More Randos than a Charlie Sheen Key Party: The big news in the wake of Cleveland’s big trade yesterday was that Baron Davis is not expected to report to Cleveland until tomorrow. Celtic imports Semih Erden and Luke Harangody are also not expected in uniform this evening. Jamario Moon was included in the Clippers deal, and Booby Gibson missed Wednesday’s tilt against Houston for personal reasons but should be back tonight. The Cavs will be a little shorthanded with or without Gibson, so tonight off the Cleveland bench you can look forward to seeing such luminaries as Manny Harris, Joey Graham and Samardo Samuels. Just throwing it out there: I like Samardo Samuels. I’ve been a fan since college, although that could just be because Louisville is shown in New York every weekend as part of Rick Pitino’s plan to recruit a whole team full of Rice HS grads. Anyway, I’ve admitted it, and that’s the first step; I’m getting help.
Aside: Gibson’s wife is expecting, but I’m pretty sure his “personal reasons” stem from a recent tweet calling Baron Davis “one of the best PG’s of all time.” Byron Scott probably saw that and told Booby to take a personal day.
The Conquering Hero Returns: It’s been widely reported that once he completes his buyout with Houston, Jared Jeffries will return to the adulation of the New York masses.
And the Isiah Thomas Greatest Hits Tour continues – I just hope Qyntel Woods is next. Jeffries should be a nice fit here, in all honesty, but we aren’t likely to see him for a few days as he would need 48 hours to clear waivers before he can report to the team. Seeing Jeffries on the waiver wire may cause a riot in a few offices.
Tonight’s rotation figures to be much the same as Wednesday’s. The Knicks had their first practice together yesterday and it seems like Mike D’Antoni kept things pretty basic as he ingratiates the newbie’s. D’Antoni wants to try to get a glimpse at other guys and hopes to add at least one of them to the rotation. Priority number one is to make the playoffs.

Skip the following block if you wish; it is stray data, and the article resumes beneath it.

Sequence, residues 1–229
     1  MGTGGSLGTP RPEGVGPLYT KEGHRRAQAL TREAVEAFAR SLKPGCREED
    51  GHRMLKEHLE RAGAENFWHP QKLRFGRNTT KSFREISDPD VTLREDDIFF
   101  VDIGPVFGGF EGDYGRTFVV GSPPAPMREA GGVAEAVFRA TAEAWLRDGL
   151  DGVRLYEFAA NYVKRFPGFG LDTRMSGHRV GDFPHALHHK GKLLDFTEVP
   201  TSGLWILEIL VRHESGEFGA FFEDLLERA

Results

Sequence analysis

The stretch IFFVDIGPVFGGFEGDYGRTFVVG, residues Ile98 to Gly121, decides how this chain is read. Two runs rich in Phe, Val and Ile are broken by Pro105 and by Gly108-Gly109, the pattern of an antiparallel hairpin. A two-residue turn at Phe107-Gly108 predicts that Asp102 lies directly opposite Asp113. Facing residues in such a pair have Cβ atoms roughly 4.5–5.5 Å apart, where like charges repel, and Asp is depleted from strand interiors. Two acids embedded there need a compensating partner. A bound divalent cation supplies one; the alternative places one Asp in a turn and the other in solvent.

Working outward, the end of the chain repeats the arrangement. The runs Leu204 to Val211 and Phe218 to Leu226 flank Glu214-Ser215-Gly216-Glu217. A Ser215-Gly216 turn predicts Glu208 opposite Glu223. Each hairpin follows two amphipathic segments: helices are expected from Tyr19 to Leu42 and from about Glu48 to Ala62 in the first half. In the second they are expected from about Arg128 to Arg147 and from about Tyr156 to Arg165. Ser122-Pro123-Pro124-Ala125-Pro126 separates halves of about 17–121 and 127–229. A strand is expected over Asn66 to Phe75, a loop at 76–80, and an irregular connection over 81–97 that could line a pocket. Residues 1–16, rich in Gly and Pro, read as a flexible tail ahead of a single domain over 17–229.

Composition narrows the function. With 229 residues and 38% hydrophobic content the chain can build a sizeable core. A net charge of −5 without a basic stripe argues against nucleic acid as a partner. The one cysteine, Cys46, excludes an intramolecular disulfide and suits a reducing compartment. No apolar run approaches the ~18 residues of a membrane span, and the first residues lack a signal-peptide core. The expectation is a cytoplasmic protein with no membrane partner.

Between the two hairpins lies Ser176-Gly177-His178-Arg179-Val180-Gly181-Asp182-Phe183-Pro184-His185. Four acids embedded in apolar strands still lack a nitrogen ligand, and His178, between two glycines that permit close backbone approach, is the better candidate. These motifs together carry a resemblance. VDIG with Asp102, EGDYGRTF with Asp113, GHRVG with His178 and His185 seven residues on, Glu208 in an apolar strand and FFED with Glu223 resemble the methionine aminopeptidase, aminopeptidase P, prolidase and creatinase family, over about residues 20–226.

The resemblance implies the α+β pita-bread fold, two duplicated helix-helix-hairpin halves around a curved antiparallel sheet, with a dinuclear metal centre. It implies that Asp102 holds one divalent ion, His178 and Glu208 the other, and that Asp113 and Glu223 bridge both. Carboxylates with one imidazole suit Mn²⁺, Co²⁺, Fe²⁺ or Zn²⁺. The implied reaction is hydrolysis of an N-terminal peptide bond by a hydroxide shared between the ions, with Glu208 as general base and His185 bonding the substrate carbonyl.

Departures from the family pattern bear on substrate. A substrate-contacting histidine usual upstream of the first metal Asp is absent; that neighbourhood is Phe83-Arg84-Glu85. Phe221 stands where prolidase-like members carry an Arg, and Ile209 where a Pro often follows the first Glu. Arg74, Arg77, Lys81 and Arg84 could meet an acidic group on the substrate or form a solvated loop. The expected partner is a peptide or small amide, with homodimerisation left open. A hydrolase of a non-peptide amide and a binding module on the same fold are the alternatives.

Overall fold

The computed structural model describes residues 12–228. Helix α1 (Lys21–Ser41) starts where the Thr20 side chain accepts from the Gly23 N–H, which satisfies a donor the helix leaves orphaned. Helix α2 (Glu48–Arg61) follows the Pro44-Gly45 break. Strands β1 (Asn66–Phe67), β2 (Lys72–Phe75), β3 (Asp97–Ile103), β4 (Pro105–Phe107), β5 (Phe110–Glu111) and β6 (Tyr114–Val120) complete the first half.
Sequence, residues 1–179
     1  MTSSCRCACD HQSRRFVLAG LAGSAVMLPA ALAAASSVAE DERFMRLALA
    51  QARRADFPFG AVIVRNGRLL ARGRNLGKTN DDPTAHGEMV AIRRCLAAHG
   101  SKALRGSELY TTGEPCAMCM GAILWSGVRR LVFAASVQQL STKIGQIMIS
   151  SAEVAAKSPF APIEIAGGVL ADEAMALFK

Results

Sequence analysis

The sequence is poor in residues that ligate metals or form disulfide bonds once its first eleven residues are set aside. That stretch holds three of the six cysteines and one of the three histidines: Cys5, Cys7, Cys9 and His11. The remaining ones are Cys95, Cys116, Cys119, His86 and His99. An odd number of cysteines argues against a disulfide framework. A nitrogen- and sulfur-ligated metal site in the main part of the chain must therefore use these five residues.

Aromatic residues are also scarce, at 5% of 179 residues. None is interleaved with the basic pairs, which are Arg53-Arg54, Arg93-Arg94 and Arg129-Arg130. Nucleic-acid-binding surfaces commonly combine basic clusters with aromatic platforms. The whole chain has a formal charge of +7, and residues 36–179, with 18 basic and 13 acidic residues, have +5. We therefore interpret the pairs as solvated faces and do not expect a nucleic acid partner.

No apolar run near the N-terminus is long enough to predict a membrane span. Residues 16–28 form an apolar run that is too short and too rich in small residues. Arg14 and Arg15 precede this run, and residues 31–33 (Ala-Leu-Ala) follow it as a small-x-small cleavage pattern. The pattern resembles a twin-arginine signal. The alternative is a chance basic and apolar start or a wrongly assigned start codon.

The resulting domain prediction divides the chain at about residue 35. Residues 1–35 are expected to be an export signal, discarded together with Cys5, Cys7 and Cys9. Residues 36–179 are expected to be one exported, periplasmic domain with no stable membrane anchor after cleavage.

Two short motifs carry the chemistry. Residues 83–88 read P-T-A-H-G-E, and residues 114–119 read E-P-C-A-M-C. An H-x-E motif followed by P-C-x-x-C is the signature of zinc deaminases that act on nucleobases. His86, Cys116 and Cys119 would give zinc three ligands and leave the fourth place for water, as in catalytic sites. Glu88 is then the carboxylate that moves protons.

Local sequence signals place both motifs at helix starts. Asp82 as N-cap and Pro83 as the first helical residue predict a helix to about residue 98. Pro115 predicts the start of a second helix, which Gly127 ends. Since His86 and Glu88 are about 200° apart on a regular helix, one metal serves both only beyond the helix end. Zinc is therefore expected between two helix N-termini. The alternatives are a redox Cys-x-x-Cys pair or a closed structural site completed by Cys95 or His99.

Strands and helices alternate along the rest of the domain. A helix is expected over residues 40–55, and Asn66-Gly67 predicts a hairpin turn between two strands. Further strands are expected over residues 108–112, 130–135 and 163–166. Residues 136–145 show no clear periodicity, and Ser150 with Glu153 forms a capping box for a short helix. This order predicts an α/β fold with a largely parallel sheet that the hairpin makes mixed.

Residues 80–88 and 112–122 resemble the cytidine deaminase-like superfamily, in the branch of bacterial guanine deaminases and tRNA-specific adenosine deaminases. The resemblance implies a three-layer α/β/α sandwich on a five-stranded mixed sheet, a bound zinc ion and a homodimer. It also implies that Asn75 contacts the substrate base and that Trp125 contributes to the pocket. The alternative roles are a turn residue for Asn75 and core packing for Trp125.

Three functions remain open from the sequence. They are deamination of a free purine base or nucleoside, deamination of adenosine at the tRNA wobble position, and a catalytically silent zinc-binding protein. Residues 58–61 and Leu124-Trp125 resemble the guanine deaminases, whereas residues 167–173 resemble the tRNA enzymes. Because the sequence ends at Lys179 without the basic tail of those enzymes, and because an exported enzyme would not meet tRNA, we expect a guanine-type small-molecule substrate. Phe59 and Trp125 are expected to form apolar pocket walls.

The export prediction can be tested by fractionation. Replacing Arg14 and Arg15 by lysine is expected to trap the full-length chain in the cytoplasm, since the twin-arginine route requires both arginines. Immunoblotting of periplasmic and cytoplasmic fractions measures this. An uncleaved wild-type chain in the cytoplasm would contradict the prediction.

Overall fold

The Melo-wich: Salami, corned beef, pastrami, bacon, lettuce, tomato, Russian, on rye. Check the video here – required viewing for anyone looking to make fun of New York.
And Baron Davis Applied for Browns’ Defensive Tackle: Citing a need of real, live basketball players, the Cavs held a career fair ten days ago at which they themselves and other local teams, naturally, were looking to hire. Admission was $27 and included a ticket to a Cavs game (in the upper tier, hilariously rechristened “Loudville”). Luke Harangody and Semih Erden applied and were accepted to positions in the Cleveland frontcourt. It’s a good career move for both – as Brian Scalabrine can relate, being a white benchwarmer on a Boston team is demeaning. They cheer for you like you’re slow or something, and after 50+ years of doing this they still haven’t figured out how condescending it is. Wait, wasn’t I supposed to be making fun of Cleveland?
Last time in Cleveland, the Knicks looked weary off a road back-to-back and lacked the crunch-time chops to will themselves to victory. They weren’t mature enough to close the door on an inferior team without playing their best.
This incarnation of the Knicks should have no such difficulty. D’Antoni has stressed that priority number one is simply to make the playoffs, and that should mean being content to take care of business tonight rather than run a controlled scrimmage where they try to get everyone acclimated and prepare for the playoffs. I like the organization’s mindset in sticking to the “let’s just make the playoffs” mantra; this team shouldn’t be shooting higher, not until next year when it’s had time to replace the complimentary pieces. For now, let’s just win.